The Romans lived here; why can’t we? Newfield Forever! Witton Park to live, not die, were the messages emblazoned on the placards. The devastation caused to families and communities through the introduction of ‘category D status’ villages has been revealed with the help of some of the greatest creative minds.

Durham Brass Festival, Durham Miners Association and Redhills CIO commissioned a series of audio and visual projects to commemorate the hidden history of the Durham Coalfield.

What is Category D planning status and where did it come from?

The notion of Category D dates back to 1951, when settlements, such as mining villages, within County Durham were categorised as A, B, C or D. If you lived in an area classified as D, this meant that no future development would be permitted, and your property would be acquired and demolished. You would have been told that you would be relocated to new housing.

In 1951, 114 settlements were listed as category D; this number rose to 121 in the revised Durham County Development Plan of 1964. However, only a few had been completely demolished by 1969. The areas received no investment for 26 years until the policy ended in 1977. 

The villages which had their sense of place, being and community taken away from them are highlighted in a specially created documentary.

What has this project created?

The 20-minute film was directed by the acclaimed Ged Clarke. He was commissioned to direct the BBC documentary on Lindisfarne legend Alan Hull, which music star Sam Fender narrated.

Ged, who has film credits for BBC, ITV, C4, C5 and Sky, understood the area from the offset. He was born in Wallsend and worked the patches of North Shields and Darlington as a journalist in his early career. 

“This has been an education and a pleasure to work on. I wasn’t born when category D came into being and was a young man living on the north side of the Tyne when the political battles were being fought, so the story passed me by completely. It’s been astonishing to learn about it in hindsight. It feels like our own version of the Highland clearances in Scotland. I just hope that by making the film, we can inform and educate a few more people about this outrageous piece of local history.”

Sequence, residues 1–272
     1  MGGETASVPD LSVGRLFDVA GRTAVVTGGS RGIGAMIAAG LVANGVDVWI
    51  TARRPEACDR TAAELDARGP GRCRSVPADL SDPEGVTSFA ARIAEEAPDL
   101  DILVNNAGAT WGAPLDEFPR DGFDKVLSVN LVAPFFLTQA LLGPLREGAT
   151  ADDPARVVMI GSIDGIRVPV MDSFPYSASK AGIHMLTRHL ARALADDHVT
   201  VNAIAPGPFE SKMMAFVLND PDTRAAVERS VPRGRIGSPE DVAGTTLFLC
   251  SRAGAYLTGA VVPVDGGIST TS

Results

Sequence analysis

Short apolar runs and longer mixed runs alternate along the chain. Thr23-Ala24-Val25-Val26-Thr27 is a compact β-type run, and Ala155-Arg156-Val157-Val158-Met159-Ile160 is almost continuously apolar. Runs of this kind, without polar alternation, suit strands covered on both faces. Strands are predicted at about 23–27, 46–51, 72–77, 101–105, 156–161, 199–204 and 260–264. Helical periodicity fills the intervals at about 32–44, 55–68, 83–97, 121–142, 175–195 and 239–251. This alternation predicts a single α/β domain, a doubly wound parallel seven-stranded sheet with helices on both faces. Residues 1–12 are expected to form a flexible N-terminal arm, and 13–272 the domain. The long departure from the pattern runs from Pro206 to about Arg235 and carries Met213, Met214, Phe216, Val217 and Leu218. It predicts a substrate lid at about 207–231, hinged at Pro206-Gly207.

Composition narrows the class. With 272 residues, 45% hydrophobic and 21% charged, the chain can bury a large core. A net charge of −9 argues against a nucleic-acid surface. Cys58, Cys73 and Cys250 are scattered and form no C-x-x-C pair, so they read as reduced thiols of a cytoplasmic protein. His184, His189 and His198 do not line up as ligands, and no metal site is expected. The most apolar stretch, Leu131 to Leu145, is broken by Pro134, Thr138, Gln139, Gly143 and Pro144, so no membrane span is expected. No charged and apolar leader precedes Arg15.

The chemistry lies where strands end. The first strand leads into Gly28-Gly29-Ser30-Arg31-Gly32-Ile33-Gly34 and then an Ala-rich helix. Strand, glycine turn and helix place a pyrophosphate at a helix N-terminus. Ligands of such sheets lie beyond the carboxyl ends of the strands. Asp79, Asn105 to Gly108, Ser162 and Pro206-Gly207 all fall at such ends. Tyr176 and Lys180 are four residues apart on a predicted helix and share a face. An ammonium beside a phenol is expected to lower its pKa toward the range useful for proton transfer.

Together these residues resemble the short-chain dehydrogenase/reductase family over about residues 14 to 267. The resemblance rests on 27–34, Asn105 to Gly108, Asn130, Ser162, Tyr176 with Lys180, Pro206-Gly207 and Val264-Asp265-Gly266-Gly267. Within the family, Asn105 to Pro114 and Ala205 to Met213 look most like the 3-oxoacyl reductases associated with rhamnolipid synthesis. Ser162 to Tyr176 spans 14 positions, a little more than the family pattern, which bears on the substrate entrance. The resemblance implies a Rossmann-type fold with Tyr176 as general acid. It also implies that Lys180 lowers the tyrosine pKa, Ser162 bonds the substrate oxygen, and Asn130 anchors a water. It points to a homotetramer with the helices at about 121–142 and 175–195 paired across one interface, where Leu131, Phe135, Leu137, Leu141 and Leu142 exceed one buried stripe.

Ged Clarke, Director

The documentary showcases the artistic journey of  LYR, a three-piece band made up of Richard Walters, Patrick Pearson and current poet laureate Simon Armitage, researching category D villages for a specially commissioned EP for the project, which was performed in its entirety at Durham Cathedral on 15th July as part of The Durham Brass Festival. 

LYR band members Richard Walters, Simon Armitage and Patrick Pearson.

Brian Cauwood and Ann Grimes, formerly of Marsden near South Shields, provided first-hand experience of having their homes taken away as children in the programme. They spoke to current poet laureate Simon Armitage to assist with the research behind: ‘Firm As A Rock We Stand: Commemoration and Celebration of County Durham’s ‘Category D’ Villages’. Firm as a rock was used as it was the motto on the Marsden banner, which depicted Marsden Rock, one of the only structures of Marsden still visible today.

Ross Forbes, Programme Director of Durham Miners Association, was heavily involved in assisting with the LYR research and features in the documentary, said: “Few people know about Category D and its effect on County Durham and its people. It is a vital piece of our history that, like so much of it, remains untold. Ged Clarke’s documentary brings the story to life alongside the soulful poetry of the band LYR. It should be on every school’s curriculum in County Durham. It would help us understand more of where we have come from and debate how the county communities could have been treated with greater respect and decency.”

Ged Clarke said of the music captured in the documentary, “The pleasure came with the powerful words written by Simon Armitage and the evocative music created by LYR. It was a joy to see and hear it come together. The addition of the brass gave it a perfect identity for the pit villages it describes and represents.”

With thanks to Yorkshire & North East Film Archives and BBC North East & Cumbria for archive footage.

LYR Firm As A Rock We Stand: Commemoration and Celebration of County Durham’s ‘Category D’ Villages EP. Listen on various platforms by clicking here

Firm As A Rock We Stand: Commemoration and Celebration of County Durham’s ‘Category D’ Villages was performed in its entirety by LYR, supported by Easington Colliery Brass Band, at Durham Cathedral on 15th July as part of The Durham Brass Festival.

Featured Image shows: Cameraman Andy Greenwood and Director Ged Clarke

Order of service from 15th July live performance at Durham Cathedral